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B. F. Ryan, E. R. Wishart, and D. E. Shaw


Ice crystals were grown in a supercooled cloud at temperatures ranging from −3°C to −21°C for periods from 30–40 s to 150–180 s. When the axial dimensions at a given time were examined as a function of temperature, there was a marked maximum along the a axis at −15°C and a secondary broader maximum along the c axis at −6°C. The growth of the axial dimensions can he adequately represented by a linear function of time.

A power function of time was fitted to the crystal mass growth measurements; these show a sharp maximum at −15°C and a secondary broader maximum at −7°C.

Crystal bulk densities estimated from the masses and axial dimensions vary with temperature in a complicated way, with a minimum of about 0.4 Mg m−2 at −5 and − 17°C, and a maximum of 0.92 Mg m−2(pure rice) at and appear to he independent of time.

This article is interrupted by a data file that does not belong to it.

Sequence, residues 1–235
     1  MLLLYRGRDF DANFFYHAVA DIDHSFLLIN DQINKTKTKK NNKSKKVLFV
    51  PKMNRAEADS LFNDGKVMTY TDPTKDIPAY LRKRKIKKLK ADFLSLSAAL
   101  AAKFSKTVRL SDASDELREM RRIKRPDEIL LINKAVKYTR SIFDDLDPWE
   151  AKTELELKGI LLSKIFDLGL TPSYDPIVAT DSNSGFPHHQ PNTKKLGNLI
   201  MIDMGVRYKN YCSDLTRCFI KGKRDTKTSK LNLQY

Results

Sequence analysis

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B. F. Ryan, E. R. Wishart, and Edmond W. Holroyd III


The mass of columnar ice crystals between −5C and −9C has been measured as a function of time. It is shown that the measured growth rates are not markedly different from the empirical formula proposed by Hindman and Johnson. However, during the first 3 min of growth the parametric form of the axial dimensions can be adequately described by a linear function of time rather than a power law.

Over the same temperature range the bulk density/temperature curve deduced by Fukuta is valid for time periods at least as long as 3 min and for a wide variety of ice crystal concentrations.

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